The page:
3600 - 925 = 2675

So yes, I think the taxation should be different depending on your income. I do not say go and take from your neighbour. I say make taxation fair to everyone. Why would it hurt Person B to pay 5 percent more? Person A would do a lot better with 5 percent less to pay? It would be fairer to the community and the government would still get the same amount.

I am aware that this is a naive way of calculating with taxes but I do not have a decree in economics.
I am also aware that the rich person worked a lot for the money but still, the poor person also worked a lot for the bit he has.

cheers

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20-12-2011, 08:34 PM
RE: Questions about the morality of government charity
Quote:
Quote:If a government has the moral authority to take money from some people and give it to others, why don't I as an individual? If I don't have that authority, why does the government?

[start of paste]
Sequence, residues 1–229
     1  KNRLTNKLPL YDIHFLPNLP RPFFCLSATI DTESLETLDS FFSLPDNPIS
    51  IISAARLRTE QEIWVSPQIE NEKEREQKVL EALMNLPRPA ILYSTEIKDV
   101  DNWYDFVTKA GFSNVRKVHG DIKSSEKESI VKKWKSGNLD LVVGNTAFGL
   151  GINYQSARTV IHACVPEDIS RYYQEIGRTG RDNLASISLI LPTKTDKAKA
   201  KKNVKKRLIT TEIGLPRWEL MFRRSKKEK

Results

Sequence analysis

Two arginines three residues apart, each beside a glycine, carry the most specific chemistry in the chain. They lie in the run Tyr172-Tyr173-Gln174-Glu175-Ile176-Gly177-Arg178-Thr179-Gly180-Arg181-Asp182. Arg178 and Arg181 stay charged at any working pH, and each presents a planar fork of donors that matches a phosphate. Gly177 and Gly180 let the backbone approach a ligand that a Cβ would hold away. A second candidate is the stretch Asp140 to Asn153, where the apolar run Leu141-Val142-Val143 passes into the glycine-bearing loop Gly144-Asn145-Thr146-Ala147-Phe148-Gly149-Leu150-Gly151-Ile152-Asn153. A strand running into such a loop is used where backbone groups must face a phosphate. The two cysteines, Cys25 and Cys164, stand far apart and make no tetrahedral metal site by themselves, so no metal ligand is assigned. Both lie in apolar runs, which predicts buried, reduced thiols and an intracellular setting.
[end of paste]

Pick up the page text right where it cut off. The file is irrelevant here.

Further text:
See above. Mutual consent and all that. You don't have the authority because that's anarchy. The government does because that's the will of the people.

All of my answers are based on the theory of government - how it's supposed to work.

If we assume that a government only has powers that people can grant to it, I don't see how a collective group can grant a right to the government that the people themselves do not have. If we're assuming something else, I guess then it works logically, but I'm still not sure exactly how a group of people can mutually consent to assign powers they don't have to a government.

As I see it, it would be logically similar to Microsoft trying to grant a license to someone to use iTunes (which they don't own, so how can they?).

I'll try to respond to more later this week ... I've been away from the Internet for the most of the past week. Thanks for the discussion - I appreciate it!
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20-12-2011, 10:06 PM
RE: Questions about the morality of government charity
Slept through Grade 8 civics? It's not too late to get a primer on the theory and function of government.

It's not the mean god I have trouble with - it's the people who worship a mean god.